Global Demand, Global Supplies?

The earth’s population will grow by an average of 70 million people per year over the next decade, down from 77 million per year over the past decade. Population growth will add only 37 million to high-income nations while adding 471 million to middle income nations; low-income nations will see 192 million added. These rising populations depend on increased agriculture production each year, a bet that has been answered over the past 2 centuries.

Add to the growing human population the second factor driving food demand: more money. Global GDP (in real 2015 dollars as reported by World Bank) averaged US$2.2 trillion the 10 years before COVID (2020). The next 10 years are forecast to average US$2.7 trillion.

Years ago I developed a model to estimate demand for global meat (beef, pork, and poultry) based on GDP. The model shows a strong correlation between total meat production (and thus consumption) and global GDP. In fact over the past 52 years of data, the two are correlated at 0.989 (1.0 would be a perfect correlation). While “correlation is not causation”, there are two possibilities: either the more wealth increases, the more meat       consumption rises, or the more that meat consumption rises, the wealthier the world gets. I think we can safely guess the correct assumption.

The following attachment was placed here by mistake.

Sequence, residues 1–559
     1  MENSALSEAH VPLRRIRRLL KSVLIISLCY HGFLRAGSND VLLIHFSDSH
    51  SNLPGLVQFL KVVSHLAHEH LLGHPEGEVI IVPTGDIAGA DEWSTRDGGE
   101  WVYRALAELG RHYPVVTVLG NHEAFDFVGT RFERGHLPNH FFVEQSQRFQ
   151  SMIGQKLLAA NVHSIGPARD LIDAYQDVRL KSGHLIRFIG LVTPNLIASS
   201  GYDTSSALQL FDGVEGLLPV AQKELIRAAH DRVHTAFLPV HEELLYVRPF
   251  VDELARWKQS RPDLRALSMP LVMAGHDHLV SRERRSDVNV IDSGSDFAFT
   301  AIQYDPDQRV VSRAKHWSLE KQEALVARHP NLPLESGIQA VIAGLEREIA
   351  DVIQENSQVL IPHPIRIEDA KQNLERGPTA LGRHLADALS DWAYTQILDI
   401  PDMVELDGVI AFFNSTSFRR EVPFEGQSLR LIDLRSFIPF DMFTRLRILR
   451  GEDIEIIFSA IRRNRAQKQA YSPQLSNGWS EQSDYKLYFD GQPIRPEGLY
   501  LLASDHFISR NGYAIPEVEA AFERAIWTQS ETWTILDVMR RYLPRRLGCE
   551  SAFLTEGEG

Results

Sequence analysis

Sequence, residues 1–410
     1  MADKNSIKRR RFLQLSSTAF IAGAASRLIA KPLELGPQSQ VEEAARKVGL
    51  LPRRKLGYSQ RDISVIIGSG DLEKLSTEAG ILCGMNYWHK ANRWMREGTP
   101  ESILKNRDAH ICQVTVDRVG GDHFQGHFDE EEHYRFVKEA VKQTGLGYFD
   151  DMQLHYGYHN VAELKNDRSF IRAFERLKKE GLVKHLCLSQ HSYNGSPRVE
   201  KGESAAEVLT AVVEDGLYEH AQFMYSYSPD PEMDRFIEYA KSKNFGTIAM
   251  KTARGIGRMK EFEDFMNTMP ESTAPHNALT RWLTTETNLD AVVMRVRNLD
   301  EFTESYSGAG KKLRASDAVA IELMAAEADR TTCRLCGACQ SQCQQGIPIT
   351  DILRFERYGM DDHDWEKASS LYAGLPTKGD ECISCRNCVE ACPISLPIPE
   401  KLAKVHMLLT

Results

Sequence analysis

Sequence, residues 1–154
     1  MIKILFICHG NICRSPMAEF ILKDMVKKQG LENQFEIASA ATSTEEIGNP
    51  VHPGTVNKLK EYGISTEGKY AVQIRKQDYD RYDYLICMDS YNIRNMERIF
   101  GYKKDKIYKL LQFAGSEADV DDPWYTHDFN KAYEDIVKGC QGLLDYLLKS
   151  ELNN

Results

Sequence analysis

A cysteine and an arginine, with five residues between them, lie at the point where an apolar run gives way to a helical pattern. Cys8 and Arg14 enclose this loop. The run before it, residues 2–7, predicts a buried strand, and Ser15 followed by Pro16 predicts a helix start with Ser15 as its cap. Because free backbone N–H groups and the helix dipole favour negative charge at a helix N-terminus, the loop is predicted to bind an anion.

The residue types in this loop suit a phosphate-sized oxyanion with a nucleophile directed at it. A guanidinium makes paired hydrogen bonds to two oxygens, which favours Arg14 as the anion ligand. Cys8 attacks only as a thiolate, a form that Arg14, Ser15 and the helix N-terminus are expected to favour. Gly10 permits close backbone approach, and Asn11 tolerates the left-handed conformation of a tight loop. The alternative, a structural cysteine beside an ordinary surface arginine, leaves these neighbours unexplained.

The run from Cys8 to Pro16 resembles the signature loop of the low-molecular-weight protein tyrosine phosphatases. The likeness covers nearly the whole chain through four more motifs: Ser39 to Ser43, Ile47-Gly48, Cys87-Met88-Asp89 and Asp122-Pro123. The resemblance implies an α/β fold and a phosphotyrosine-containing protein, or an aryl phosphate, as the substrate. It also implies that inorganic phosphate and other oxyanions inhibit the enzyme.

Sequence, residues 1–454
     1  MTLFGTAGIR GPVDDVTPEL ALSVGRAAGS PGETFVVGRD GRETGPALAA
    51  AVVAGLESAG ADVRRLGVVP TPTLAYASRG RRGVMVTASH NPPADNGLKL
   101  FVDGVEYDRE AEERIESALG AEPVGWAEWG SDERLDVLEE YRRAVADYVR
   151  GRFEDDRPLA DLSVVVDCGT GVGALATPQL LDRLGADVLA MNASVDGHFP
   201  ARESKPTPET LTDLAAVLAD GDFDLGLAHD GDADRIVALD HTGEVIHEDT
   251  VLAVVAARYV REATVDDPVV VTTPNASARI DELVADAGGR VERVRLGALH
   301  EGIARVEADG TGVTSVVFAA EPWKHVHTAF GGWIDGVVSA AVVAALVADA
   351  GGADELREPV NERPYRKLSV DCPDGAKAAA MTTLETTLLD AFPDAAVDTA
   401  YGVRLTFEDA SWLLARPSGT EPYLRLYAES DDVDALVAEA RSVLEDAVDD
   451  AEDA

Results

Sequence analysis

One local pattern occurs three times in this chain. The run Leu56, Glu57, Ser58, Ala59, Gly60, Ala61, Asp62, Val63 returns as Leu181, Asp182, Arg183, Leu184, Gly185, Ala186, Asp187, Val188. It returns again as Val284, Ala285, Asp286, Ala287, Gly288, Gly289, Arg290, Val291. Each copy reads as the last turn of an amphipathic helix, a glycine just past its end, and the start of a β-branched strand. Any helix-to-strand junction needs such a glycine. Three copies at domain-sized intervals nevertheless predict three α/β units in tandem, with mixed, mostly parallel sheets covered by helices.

I have calculated that model separately as well for beef, pork, and poultry.   Using World Bank GDP forecasts, I can forecast estimated meat demand 10 years out. I then compare these “consumption” estimates to the United Nations / Food and Agriculture Organization (UN/FAO) global production estimates over the next 10 years. This chart shows that comparison. Note my 10-year consumption forecasts include other adjustments based on current global trends and expectations.

This chart shows that my model’s    estimate of 10-year beef consumption matches the UN/FAO 10-year production estimate. However, my 10-year beef production estimate is well below the UN/FAO numbers as we now have confirmed cow herd liquidation in the U.S., Brazil, and other key cattle nations. The chart comparison shows expected deficits in pork and poultry production over the next decade.

With our estimates of beef production growth in the next decade below these UN/FAO estimates, our analysis  suggests that global production gains for all three species will fail to keep pace with the levels of consumption    forecast by our GDP model (with a 50-year correlation of 0.98). Our analysis suggests rising prices for meat and livestock producers in the decade ahead. – Brett Stuart